Transgender History, second edition

The Roots of Today's Revolution


By Susan Stryker

Read by Emily Cauldwell

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Covering American transgender history from the mid-twentieth century to today, Transgender History takes a chronological approach to the subject of transgender history, with each chapter covering major movements, writings, and events. Chapters cover the transsexual and transvestite communities in the years following World War II; trans radicalism and social change, which spanned from 1966 with the publication of The Transsexual Phenomenon, and lasted through the early 1970s; the mid-'70s to 1990, the era of identity politics and the changes witnessed in trans circles through these years; and the gender issues witnessed through the '90s and '00s.

Transgender History includes informative sidebars highlighting quotes from major texts and speeches in transgender history and brief biographies of key players, plus excerpts from transgender memoirs and discussion of treatments of transgenderism in popular culture.



ALTHOUGH THE TITLE of this book is simply Transgender History, the subject is both narrower and broader—narrower in that it is primarily a history of the transgender movement in the United States, concentrating mostly on the years after World War II, and broader in that transgender, once a very expansive term, now fails to fully capture the complexity of contemporary gender. And although this book bears the same title as the previous edition first published in 2008, the revisions needed for this second edition to adequately address the remarkable changes of the past decade are extensive enough that the second edition is a substantially new book. The text of the first edition has therefore been updated throughout—particularly in the first chapter—and a new chapter has been added at the end.

Piecing together this story of trans history in the United States was a big focus of my professional life as a historian for nearly twenty years. As a transsexual woman I’ve also been a participant in making that history, along with multitudes of other people. Although I try to tell that story in an expansive and inclusive way, what I have to say is unavoidably informed by my own involvement in transgender social movements, by my other life experiences, and by the particular ways that I consider myself to be transgender.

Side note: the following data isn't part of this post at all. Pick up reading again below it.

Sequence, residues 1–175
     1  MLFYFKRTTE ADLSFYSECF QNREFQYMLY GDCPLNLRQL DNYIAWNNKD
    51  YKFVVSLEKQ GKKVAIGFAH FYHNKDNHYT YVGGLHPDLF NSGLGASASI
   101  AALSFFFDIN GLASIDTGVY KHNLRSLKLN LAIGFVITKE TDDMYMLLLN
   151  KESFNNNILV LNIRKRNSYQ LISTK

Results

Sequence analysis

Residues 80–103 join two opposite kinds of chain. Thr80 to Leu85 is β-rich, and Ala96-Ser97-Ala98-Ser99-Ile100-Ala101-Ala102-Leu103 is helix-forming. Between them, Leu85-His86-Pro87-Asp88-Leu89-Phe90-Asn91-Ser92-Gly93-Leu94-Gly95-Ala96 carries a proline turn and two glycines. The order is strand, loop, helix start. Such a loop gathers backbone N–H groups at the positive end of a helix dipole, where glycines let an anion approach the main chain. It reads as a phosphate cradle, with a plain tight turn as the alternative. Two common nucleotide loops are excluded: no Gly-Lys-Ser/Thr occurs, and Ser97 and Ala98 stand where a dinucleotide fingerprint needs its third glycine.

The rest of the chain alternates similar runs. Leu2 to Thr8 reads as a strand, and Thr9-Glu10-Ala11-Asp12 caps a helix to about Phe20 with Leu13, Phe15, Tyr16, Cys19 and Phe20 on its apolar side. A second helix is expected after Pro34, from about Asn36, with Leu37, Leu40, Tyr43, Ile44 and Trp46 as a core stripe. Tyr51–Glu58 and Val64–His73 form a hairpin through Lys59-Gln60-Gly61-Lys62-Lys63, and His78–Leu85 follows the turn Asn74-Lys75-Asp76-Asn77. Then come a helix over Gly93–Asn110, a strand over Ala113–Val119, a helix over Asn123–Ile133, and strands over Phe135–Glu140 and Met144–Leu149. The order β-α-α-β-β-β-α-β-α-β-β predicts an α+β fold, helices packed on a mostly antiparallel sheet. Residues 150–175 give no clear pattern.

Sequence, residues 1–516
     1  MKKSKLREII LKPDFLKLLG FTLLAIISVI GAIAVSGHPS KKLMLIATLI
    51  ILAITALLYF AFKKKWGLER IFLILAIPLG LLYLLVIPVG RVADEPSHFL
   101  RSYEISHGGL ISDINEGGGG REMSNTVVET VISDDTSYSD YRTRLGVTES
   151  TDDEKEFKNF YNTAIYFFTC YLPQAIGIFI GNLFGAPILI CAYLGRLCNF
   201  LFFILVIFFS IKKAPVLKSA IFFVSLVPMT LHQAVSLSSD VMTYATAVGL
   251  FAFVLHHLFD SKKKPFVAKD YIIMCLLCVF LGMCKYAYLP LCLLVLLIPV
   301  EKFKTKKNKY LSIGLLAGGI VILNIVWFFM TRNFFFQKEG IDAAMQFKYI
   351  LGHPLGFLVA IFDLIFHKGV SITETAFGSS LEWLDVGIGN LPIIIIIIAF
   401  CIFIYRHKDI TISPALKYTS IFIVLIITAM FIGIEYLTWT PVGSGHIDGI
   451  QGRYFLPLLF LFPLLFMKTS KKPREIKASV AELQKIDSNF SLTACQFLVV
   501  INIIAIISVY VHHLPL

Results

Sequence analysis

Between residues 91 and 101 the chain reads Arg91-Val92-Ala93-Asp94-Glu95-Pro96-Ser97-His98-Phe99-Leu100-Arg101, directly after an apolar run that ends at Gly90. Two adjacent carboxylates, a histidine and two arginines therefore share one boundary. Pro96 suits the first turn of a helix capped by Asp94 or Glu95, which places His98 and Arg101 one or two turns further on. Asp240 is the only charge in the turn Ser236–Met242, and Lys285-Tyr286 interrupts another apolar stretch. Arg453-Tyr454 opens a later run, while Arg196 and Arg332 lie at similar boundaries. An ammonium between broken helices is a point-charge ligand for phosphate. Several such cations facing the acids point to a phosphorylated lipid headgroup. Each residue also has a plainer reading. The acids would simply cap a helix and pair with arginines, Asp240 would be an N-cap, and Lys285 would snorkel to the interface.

I’m one of those people who, from earliest memory, always felt feminine-identified even though I was assigned male at birth, even though everybody considered me to be a boy and raised me as such, and even though my body was apparently a typical male body. I didn’t have any good explanation for those feelings when I was younger, and after a lifetime of reflection and study I’m still open-minded about how best to explain them. Not that I feel the need to explain them in order to justify my existence. I know only that those feelings persist no matter what. I know that they make me who I am to myself, whatever other people may feel about me or do toward me for having them.

The fear of being ridiculed, stigmatized, or discriminated against, as well as my own early uncertainty about how I would act on my transgender feelings, led me to hide them from absolutely everybody until I was in my late teens, in the early 1980s. That’s when I first started opening up privately to my romantic partners about my sense of self. A few years later, in the second half of the 1980s, I found an underground queer community; until then, I’d never knowingly met another trans person. I didn’t come out publicly as trans or start my medical and social transition until 1991, when I was thirty years old.

When I started living full-time as an openly transsexual lesbian woman in San Francisco in the early 1990s, I was finishing my PhD in United States history at the University of California, Berkeley. Transitioning was something I needed to do for my personal sense of well-being, but it wasn’t a great career move. However wonderful it was for me to finally feel right about how I presented myself to others and how others perceived me, making the transition from living as a man to living as a woman had negative effects on my life. Like many other transgender women, I spent years being marginally employed because of other people’s discomfort, ignorance, and prejudice about me. Transitioning made relationships with many friends and relatives more difficult. It made me more vulnerable to certain kinds of legal discrimination, and it often made me feel unsafe in public.